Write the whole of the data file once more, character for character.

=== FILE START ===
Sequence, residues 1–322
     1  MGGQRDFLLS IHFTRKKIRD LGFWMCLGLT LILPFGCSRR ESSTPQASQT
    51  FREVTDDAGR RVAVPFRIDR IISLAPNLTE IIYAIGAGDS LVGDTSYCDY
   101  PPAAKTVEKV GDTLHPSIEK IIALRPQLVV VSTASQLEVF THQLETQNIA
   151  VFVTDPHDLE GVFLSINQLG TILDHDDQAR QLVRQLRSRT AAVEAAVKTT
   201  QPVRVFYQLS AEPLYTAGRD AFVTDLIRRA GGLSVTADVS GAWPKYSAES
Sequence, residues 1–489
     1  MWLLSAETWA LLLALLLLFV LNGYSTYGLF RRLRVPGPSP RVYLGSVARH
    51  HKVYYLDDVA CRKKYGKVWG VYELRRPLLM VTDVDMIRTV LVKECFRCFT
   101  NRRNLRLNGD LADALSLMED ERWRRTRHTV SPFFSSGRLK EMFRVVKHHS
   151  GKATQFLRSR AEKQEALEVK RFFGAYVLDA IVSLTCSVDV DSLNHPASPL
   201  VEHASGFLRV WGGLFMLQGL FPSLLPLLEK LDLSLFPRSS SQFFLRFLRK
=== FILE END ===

Sequence, residues 1–322
     1  MGGQRDFLLS IHFTRKKIRD LGFWMCLGLT LILPFGCSRR ESSTPQASQT
    51  FREVTDDAGR RVAVPFRIDR IISLAPNLTE IIYAIGAGDS LVGDTSYCDY
   101  PPAAKTVEKV GDTLHPSIEK IIALRPQLVV VSTASQLEVF THQLETQNIA
   151  VFVTDPHDLE GVFLSINQLG TILDHDDQAR QLVRQLRSRT AAVEAAVKTT
   201  QPVRVFYQLS AEPLYTAGRD AFVTDLIRRA GGLSVTADVS GAWPKYSAES
Sequence, residues 1–489
     1  MWLLSAETWA LLLALLLLFV LNGYSTYGLF RRLRVPGPSP RVYLGSVARH
    51  HKVYYLDDVA CRKKYGKVWG VYELRRPLLM VTDVDMIRTV LVKECFRCFT
   101  NRRNLRLNGD LADALSLMED ERWRRTRHTV SPFFSSGRLK EMFRVVKHHS
   151  GKATQFLRSR AEKQEALEVK RFFGAYVLDA IVSLTCSVDV DSLNHPASPL
   201  VEHASGFLRV WGGLFMLQGL FPSLLPLLEK LDLSLFPRSS SQFFLRFLRK